Published: October 14th 2008October 10th 2008
a nice view of the eastern sierras and Buttermilk Rd
With our gear selection limited, as well as our patience with the crowds, we decide to pack it in and head back down to Bishop where we had already stopped briefly before heading into Yosemite. We got back into town early enough in the day to stop at the local outfitters, East Side Sports, and unlike every other shop we visited, there was a combination of great service, great selection and reasonable prices. I highly recommend it if you ever find yourself in the area.
Stef replaced the bouldering pad since Bishop is home to some of the best bouldering in the world, and was one of the places that I really had wanted to see after reading about it and seeing some pictures. The town of Bishop does not disappoint. It is small-ish but very well laid out, easy to navigate and friendly. I have already mentioned a growing love in my heart for the burgers of Carls Jr, but I must go one step further and say that the food is only surpassed by the service and the friendliness of the staff. I have been through a number of similar establishments on the course of this trip but
taken from our first nights camp near the "get carter" boulder
NOWHERE did I find anything like this. Absolutely outstanding.
Now for the climbing. There actually exists a WIDE array of climbing opportunities very near Bishop and we only had the time to really explore two of them. The town proper is located directly adjacent to the Owens River Gorge at about 4000 feet of elevation. A few miles north of town is the Sherwin Plateau which sits at 7000 feet. The interesting thing about the climbing in this area is how varied it is. The Sherwin Plateau and the Owens River Valley contain a wide assortment of volcanic rock which is highly featured but quickly becomes monotonous. A few miles west of town lie the Buttermilk Boulders, which were the initial "big deal" of the area. Unlike the Sherwin Plateau the climbing in Buttermilk Country is granite monzonite. Huge boulders, some larger than houses lie scattered along a characteristically heinous dirt road. What makes this golden granite unique is its rough crystalline structure. Many of the climbs appear featureless but the incredible friction of the rock allows for mind blowing/extremely tenuous moves to be carried out with incredible success.
Day one climbing at the Buttermilks turned out to
Us at our camp site
In the background is the Owens River Valley. Not visible to the left (west) are the Sierras and to the right, the Eastern Sierras on the east side of the Owens River Valley.
be our most social outing as it was a Sunday afternoon and there were many locals out climbing. They were all very welcoming and friendly and bared with our blatantly Noobish questions and comments: "wait, where are the handholds?!" , "V0? This has to be at least V4" and so on. We actually met a guy there who had lived in New Paltz about 15 years ago and had worked for the preserve (Mohonk).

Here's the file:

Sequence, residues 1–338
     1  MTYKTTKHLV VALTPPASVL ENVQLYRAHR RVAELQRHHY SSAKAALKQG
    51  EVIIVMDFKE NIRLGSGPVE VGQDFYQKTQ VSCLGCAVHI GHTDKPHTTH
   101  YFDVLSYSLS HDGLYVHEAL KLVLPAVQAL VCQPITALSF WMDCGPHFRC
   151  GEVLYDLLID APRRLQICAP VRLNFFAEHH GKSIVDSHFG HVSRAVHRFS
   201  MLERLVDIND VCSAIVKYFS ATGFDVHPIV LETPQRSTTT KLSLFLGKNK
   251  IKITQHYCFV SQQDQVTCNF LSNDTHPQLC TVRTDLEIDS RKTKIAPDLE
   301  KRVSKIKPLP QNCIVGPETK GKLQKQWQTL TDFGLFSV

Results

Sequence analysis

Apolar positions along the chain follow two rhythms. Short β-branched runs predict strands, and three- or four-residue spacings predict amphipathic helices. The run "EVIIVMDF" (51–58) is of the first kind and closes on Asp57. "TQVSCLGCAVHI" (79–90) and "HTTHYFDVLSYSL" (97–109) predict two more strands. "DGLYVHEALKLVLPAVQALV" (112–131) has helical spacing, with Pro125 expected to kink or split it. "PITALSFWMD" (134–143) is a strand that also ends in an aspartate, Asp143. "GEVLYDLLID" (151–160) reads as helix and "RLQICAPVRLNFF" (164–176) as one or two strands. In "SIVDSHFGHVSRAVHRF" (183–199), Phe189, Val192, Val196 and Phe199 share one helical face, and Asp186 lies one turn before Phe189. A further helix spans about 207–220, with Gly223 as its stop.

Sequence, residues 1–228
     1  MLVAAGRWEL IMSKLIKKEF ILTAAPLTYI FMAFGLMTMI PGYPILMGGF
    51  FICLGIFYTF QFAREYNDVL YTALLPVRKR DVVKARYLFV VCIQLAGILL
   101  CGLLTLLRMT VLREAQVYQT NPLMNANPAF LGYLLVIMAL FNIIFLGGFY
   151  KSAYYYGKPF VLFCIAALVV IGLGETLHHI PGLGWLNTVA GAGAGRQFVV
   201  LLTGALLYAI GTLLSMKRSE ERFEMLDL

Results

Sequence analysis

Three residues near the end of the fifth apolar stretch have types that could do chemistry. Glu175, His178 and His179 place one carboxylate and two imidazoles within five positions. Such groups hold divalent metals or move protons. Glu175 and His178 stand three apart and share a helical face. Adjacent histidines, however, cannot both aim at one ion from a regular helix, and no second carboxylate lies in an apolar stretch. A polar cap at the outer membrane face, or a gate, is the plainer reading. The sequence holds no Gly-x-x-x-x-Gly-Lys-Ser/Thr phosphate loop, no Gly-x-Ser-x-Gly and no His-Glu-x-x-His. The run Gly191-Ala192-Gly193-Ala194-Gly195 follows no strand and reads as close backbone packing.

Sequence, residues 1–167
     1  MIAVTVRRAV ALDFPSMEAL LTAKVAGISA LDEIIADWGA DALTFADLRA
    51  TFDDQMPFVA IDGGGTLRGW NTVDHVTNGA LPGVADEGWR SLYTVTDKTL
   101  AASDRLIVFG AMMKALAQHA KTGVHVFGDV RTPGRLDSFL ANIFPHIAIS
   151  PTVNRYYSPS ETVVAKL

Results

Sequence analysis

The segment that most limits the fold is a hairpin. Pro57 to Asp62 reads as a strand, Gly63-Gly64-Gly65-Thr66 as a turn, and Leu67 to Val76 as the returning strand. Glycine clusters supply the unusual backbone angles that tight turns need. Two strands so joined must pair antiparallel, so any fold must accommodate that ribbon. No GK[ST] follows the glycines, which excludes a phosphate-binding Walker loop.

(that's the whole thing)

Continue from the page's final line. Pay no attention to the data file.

The days of climbing that followed were amazing- I learned more about the value of footwork than anywhere else so far. The camping was also fantastic, albeit rustic. The area is all forest service land so primitive camping opportunities exist virtually everywhere. A five minute drive past the boulders on the dirt road offers up campsites sitting on the foot of the Eastern Sierras. With no running water, no bathrooms or outhouses and no neighbors, I would be hard pressed to think of a more scenic place to while away the hours.
We took a few days to head up to the Sherwin Plateau and got to sample a completely different kind of rock. After being shredded by the granite of the Buttermilks, it
Owens River Valley
this was taken near our camp and you can see the dark gorge in the background, running roughly north-south.
was refreshing to climb some highly pocketed volcanic rock. The downside of the volcanic tuff is its friability. It is far less dependable and there were a few scary moments when a hand or foothold gave way under pressure. The Sherwin Plateau was much much more isolated than the Buttermilks. We were there for four days and saw no evidence of any other human activity there other than a few errant chalk marks on some of the rocks.
After that we headed down into Bishop again and spent a couple more days in the Buttermilks to wrap things up before heading to San Diego to see Christie. One of the coolest things we saw so far was on our next to last day when it rained on us-- and snowed on the mountain ridge just adjacent to our campsite.
With the misery of our loss not completely forgotten but certainly under control, we really had an awesome time and spent a lot more time taking pictures and enjoying the area. The town of Bishop really had a strong effect on me. When we left it behind to head to San Diego I felt very sad to be leaving
and anxious to return. Bishop is very high on a very short list of places I would like to re-locate to. On to the comforts and nuisances of civilization...
There are more photos below